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US-Russia Relationship Remains Strong, Agree Putin and Powell - 2004-01-26


Russian President Vladimir Putin and U.S. Secretary of State Colin Powell say the U.S.-Russian relationship remains strong, despite some disagreements. The two leaders held broad discussions Monday on a host of issues in the bilateral relationship, as well as key international issues.

President Putin says he is confident that Russia's relations with the United States will remain, stable and predictable.

Russian news agencies report that during talks in the Kremlin on Monday, Mr. Putin said the foundation of the U.S.-Russian relationship is so strong that it can withstand what he called temporary differences.

In a televised portion of the meeting, President Putin said officials from both sides would continue to work together to address key issues on the bilateral agenda, such as fighting terrorism, working on nuclear non-proliferation and securing peace and stability around the world.

President Putin says Russia and the United States are working together well in trade, economic cooperation and fighting global terrorism, especially in Afghanistan.

On Iraq, President Putin reiterated Moscow's view that the United Nations should become more involved in the country's reconstruction.

Secretary Powell told reporters he and Russian leaders also discussed ways to reduce Iraq's debts.

Mr. Powell said the future of Iraq was the main topic of his talks with Russian Foreign Minister Igor Ivanov. The Secretary of State also said U.S. intelligence assessments gave solid reasons to believe that ousted Iraqi leader Saddam Hussein had weapons of mass destruction.

"This is a danger that the world should not be facing after twelve years of U.N. resolutions telling him to get rid of such weapons," he said. "The work of the inspectors, the U.S. inspectors working alongside our military forces, continues."

Secretary Powell also expressed U.S. satisfaction with the development of U.S.-Russian relations in several areas, including the implementation of the Moscow Treaty on the reduction of offensive strategic weapons. The treaty, which was ratified in 2002, calls for both sides to reduce their strategic nuclear arsenals by two-thirds.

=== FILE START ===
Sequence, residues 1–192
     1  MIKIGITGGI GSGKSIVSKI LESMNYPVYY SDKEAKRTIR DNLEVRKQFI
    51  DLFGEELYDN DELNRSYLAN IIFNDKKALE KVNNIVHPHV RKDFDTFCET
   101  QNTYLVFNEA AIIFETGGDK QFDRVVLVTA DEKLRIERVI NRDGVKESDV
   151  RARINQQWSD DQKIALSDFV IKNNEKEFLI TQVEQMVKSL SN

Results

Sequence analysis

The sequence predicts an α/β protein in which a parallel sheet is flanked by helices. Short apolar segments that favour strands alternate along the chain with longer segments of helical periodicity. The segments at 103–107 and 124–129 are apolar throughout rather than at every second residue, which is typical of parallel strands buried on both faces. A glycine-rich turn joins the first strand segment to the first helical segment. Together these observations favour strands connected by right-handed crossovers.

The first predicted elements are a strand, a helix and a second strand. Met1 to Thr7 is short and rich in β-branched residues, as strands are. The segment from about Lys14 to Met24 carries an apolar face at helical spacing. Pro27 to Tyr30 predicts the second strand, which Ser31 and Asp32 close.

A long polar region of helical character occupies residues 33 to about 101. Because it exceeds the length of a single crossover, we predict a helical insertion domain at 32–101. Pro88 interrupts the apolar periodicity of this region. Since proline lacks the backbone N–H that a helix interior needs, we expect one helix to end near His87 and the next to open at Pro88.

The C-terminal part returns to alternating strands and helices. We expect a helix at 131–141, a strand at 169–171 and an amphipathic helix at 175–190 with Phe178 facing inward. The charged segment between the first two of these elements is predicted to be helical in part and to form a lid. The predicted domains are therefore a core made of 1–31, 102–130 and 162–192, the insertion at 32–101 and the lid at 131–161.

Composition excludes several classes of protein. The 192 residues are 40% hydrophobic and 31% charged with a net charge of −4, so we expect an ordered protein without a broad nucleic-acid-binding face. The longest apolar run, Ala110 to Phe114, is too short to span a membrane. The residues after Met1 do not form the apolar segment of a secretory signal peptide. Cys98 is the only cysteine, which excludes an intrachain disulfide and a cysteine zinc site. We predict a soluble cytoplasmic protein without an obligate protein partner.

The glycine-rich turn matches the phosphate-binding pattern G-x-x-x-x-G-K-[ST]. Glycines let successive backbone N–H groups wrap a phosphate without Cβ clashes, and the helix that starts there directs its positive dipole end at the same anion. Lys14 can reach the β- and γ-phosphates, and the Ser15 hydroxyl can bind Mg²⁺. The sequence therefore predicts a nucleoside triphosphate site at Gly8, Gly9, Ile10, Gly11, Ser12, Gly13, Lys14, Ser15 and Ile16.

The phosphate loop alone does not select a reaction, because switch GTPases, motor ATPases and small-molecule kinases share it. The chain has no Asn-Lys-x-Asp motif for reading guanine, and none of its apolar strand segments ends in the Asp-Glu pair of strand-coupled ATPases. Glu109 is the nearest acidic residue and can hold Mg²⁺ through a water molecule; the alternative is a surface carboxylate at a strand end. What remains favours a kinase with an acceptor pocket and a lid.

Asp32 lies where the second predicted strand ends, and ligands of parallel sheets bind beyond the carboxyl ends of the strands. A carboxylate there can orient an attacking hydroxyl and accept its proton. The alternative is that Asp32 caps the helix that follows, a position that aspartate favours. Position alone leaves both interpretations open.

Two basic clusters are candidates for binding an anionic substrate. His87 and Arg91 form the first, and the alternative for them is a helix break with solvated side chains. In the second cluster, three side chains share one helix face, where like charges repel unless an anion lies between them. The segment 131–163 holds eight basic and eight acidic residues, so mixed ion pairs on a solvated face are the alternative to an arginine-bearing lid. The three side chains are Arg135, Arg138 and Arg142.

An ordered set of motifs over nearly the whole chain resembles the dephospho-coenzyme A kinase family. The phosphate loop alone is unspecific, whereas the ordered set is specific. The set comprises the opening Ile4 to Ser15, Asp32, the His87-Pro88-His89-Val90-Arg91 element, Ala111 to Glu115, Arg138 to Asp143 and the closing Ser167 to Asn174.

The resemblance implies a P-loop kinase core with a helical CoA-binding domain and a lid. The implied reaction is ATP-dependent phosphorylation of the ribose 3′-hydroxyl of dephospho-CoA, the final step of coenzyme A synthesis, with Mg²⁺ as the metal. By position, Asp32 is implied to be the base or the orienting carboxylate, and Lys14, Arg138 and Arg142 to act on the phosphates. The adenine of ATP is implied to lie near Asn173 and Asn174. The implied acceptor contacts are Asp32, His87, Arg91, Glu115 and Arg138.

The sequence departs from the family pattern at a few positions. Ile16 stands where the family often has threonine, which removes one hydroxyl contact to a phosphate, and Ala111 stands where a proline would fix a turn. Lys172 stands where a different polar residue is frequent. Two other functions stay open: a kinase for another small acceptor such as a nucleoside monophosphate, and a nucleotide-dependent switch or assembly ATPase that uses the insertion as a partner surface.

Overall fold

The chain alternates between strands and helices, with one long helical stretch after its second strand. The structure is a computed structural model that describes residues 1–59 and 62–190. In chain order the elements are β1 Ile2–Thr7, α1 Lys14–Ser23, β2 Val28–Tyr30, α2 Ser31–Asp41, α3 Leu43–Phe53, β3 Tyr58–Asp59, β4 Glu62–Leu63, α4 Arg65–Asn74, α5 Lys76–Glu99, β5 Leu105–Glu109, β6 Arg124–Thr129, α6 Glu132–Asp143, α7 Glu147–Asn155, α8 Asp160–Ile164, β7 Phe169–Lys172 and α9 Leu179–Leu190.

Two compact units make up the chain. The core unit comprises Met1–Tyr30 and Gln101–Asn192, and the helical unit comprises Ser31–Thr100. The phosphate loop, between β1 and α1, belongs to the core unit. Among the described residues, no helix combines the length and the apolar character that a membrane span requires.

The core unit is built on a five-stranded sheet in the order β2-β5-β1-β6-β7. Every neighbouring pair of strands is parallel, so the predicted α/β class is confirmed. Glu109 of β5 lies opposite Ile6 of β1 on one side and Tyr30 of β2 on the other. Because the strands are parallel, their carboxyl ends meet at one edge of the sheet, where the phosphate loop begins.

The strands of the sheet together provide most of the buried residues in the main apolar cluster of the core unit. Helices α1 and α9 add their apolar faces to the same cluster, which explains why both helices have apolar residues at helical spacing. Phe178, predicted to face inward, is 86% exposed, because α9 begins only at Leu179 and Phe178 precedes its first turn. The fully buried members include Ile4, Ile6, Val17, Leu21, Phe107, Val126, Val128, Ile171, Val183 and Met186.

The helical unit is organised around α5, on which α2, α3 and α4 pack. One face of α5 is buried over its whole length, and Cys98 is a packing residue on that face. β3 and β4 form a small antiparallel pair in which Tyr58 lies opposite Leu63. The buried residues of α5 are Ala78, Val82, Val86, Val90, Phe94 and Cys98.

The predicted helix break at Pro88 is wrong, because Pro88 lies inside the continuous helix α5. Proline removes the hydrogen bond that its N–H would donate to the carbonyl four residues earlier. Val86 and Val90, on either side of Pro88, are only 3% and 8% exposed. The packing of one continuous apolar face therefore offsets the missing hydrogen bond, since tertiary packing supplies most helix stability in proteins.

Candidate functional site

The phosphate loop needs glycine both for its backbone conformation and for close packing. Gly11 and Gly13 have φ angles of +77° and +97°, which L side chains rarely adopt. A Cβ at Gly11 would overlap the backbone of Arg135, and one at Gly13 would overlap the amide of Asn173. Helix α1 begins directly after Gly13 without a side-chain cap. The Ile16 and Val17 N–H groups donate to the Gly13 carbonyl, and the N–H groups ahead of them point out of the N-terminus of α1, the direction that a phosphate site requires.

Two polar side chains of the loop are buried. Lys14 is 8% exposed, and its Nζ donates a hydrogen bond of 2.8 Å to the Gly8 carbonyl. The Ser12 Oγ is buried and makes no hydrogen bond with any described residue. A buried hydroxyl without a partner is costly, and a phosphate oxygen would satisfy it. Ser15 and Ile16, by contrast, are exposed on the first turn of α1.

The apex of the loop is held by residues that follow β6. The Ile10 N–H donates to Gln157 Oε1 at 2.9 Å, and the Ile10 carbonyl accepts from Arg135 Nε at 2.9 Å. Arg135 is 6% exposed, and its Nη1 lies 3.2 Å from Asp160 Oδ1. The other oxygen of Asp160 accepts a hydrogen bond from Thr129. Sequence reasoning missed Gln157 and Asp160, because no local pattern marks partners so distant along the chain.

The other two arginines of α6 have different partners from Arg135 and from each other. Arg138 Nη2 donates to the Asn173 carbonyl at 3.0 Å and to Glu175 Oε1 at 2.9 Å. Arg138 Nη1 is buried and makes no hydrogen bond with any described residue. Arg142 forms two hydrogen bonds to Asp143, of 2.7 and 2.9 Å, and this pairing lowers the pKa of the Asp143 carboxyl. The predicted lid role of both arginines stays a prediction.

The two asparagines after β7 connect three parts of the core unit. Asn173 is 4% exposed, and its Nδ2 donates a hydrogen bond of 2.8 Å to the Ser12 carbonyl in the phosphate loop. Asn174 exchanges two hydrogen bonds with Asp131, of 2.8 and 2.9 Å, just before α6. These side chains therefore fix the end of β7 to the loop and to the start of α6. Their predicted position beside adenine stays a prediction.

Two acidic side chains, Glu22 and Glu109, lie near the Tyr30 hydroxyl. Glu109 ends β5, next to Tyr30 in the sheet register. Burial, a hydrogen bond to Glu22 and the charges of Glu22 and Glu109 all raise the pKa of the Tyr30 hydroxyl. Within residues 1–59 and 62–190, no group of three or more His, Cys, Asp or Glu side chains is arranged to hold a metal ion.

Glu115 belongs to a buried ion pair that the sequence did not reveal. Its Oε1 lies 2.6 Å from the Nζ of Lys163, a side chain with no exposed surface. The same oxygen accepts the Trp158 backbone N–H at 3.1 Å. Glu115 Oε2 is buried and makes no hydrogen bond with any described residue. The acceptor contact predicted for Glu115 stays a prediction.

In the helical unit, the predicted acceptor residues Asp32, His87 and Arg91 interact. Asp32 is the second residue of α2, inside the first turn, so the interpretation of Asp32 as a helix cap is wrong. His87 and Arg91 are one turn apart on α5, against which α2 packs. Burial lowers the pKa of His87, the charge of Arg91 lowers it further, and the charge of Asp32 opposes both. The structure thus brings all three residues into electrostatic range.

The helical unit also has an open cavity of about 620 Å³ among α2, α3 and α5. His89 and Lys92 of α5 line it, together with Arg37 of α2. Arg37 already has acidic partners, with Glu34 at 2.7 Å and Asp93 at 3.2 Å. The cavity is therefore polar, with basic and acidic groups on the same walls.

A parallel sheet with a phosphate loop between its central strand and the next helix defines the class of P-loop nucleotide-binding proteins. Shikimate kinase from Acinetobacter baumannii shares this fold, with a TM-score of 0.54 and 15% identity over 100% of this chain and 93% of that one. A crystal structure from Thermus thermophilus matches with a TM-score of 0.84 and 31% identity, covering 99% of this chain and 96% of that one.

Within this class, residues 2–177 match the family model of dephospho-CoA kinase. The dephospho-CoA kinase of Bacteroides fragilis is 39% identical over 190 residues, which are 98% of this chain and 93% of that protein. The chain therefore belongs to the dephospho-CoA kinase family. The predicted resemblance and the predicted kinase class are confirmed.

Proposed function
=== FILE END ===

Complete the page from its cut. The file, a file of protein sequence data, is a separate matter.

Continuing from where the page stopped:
But in other areas, Mr. Powell signaled U.S. displeasure.

In a front-page article under his by-line published in the Russian daily Izvestia on Monday, Secretary Powell expressed unease about the slow development of the rule of law in Russia. He said political power in Russia is not yet fully tethered to law. Many observers have criticized the Russian government's handling of the Yukos case, which involves the prosecution of a rich businessman, who was also supporting President Putin's opponents in the recent parliamentary elections.

In the Izvestia article, Secretary Powell also challenged Russia's policy on Chechnya, saying certain aspects of Russian internal policy in the southern Russian republic give the United States cause for concern. But he provided no details.

Mr. Powell arrived in Russia from Georgia, where he attended the inauguration of President Mikhail Saakashvili. On Monday in Moscow, according to Russian news reports, he fulfilled a promise to Mr. Saakashvili by re-stating Washington's desire to see Russia withdraw from its remaining two Soviet-era military bases in Georgia.

The issue has been a source of tension between Moscow and Tbilisi, with Russia saying it will need as much as ten years to withdraw. Georgia is hoping for a quicker pullout, within the next three years.

Russian Foreign Minister Ivanov said Monday that Russia and Georgia would return to the military base issue as soon as the new Georgian government is formed. That is expected within the next ten days. At around the same time, Russia is scheduled to host the new Georgian president in Moscow.

On Tuesday, Secretary Powell is scheduled to meet Russian business leaders and the speaker of Russia's state Duma, the lower house of parliament Boris Gryzlov before returning to Washington.

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